It was this past fall that proved to be the biggest undertaking of Sebastian’s undergraduate career and allowed him to realize his desire for integrating many different backgrounds into the workings of a show. Serving as president of TNT, Sebastian worked as producer on the production of “Next to Normal” — a show that explores mental illness through the eyes of a mother with bipolar disorder. The play ran for an astounding two weeks at the Off-Broadway SoHo Playhouse — TNT’s longest running production yet.
Though audiences only saw “Next to Normal” for a couple of weeks in October and November, the process began in April for Sebastian and his TNT team. Those seven months were marked by conversations and planning ranging from the show’s concept and set design to the marketing approach and casting. Though these technical aspects are a necessary evil, Sebastian’s meticulous organization helped elevate the play and made it a fertile ground for performance.
TNT’s Vice President Basil Apostolo, a Gallatin junior, has worked with Sebastian on numerous productions. Apostolo emphasized that despite the hours of labor that go into a project of this magnitude, Sebastian’s devotion to his work never wavered.
“One testament to Tim’s dedication is the stamina and dedication he brings to the process from beginning to end,” Apostolo said. “Bringing the same amount of energy to each day takes a lot of effort and that’s something that Tim definitely does.”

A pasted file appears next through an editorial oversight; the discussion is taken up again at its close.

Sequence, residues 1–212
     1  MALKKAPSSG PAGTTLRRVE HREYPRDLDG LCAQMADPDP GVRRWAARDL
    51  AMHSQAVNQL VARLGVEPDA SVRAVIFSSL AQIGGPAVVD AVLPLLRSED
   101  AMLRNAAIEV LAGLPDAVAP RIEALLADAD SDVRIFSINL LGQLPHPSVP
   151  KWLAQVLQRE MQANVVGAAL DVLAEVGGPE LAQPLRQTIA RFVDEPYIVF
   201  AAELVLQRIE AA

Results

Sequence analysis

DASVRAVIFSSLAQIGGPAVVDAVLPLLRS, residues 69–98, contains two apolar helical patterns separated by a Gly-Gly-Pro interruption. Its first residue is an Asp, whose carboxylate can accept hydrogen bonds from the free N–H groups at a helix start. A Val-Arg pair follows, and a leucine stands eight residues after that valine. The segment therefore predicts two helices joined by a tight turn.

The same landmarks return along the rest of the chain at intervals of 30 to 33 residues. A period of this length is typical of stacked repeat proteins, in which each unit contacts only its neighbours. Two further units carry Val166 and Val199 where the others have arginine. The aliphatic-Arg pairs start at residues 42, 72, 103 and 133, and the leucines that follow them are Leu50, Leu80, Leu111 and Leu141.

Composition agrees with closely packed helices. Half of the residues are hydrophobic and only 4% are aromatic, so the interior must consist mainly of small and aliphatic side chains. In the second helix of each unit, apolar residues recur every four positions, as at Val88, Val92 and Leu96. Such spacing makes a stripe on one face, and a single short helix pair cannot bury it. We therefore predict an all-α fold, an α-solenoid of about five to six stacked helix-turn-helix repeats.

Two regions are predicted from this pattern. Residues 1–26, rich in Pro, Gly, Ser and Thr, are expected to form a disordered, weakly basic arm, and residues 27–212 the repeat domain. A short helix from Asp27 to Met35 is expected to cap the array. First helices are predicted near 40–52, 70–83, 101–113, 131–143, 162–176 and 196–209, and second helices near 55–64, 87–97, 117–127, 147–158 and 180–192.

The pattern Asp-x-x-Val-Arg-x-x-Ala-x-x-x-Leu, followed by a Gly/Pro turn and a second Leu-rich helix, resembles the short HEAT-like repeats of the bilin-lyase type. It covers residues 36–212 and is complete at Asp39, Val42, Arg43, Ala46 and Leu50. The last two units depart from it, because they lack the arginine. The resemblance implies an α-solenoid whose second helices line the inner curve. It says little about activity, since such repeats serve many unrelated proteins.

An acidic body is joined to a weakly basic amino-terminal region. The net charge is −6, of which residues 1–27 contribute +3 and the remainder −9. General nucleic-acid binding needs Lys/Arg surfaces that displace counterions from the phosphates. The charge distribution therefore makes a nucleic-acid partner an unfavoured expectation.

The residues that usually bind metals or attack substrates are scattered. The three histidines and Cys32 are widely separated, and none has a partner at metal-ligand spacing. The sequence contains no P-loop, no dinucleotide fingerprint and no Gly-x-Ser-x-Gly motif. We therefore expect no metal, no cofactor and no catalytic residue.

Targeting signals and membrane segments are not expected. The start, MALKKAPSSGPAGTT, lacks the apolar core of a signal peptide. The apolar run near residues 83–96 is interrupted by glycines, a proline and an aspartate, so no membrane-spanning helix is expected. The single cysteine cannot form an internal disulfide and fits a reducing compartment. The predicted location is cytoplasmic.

Maintaining that enthusiasm is not a difficult task for Sebastian — it’s all part of the joy that comes from working with a driven and diverse team. In “Next to Normal,” the cast and crew were composed of students across five different NYU schools. Sebastian recognized that someone from the School of Professional Studies would bring something different to the table than someone from Tisch. Anyone can harbor a passion for theater, and Sebastian believes that it shouldn’t be thwarted by majors or schools.
“We love bringing those folks on because many of them did theater in high school and aren’t currently pursuing it now, but still have the passion for it,” Sebastian said.
TNT may be a student organization, but it has an air about it — reminiscent of the string of theaters that line Broadway. Casey Whyland, a Gallatin graduate who worked alongside Sebastian at TNT, saw an environment where collaboration was encouraged and everyone, regardless of their role, had an equal voice.
“The way that Tim views Tisch New Theatre and wants to make it a welcoming place, it creates this environment of professionalism and this environment of really, really passionate people, which is so lovely to be a part of,” Whyland said. “Tim being the leader of that, serves that community in a way where you feel supported.”
For Sebastian, theater is not confined exclusively to the world of Broadway or Tisch. It has a beauty and thrill that he believes should be available to everyone, regardless of whether they live in New York or a small town in Massachusetts; whether they’re a student at the Tisch School of the Arts or the Tandon School of Engineering. Its collaborative nature begs for contribution from an array of minds because each one can offer something new. Art is not meant to be hidden — it is made for the sake of sharing that triumph of creation with others.
“When he involves someone in the process, it’s all about working with everyone and building a team and collaborating and bringing everyone into the fold,” Apostolo said. “That inclusivity is something that’s very special — where everyone learns a lot, but it’s not a classroom.”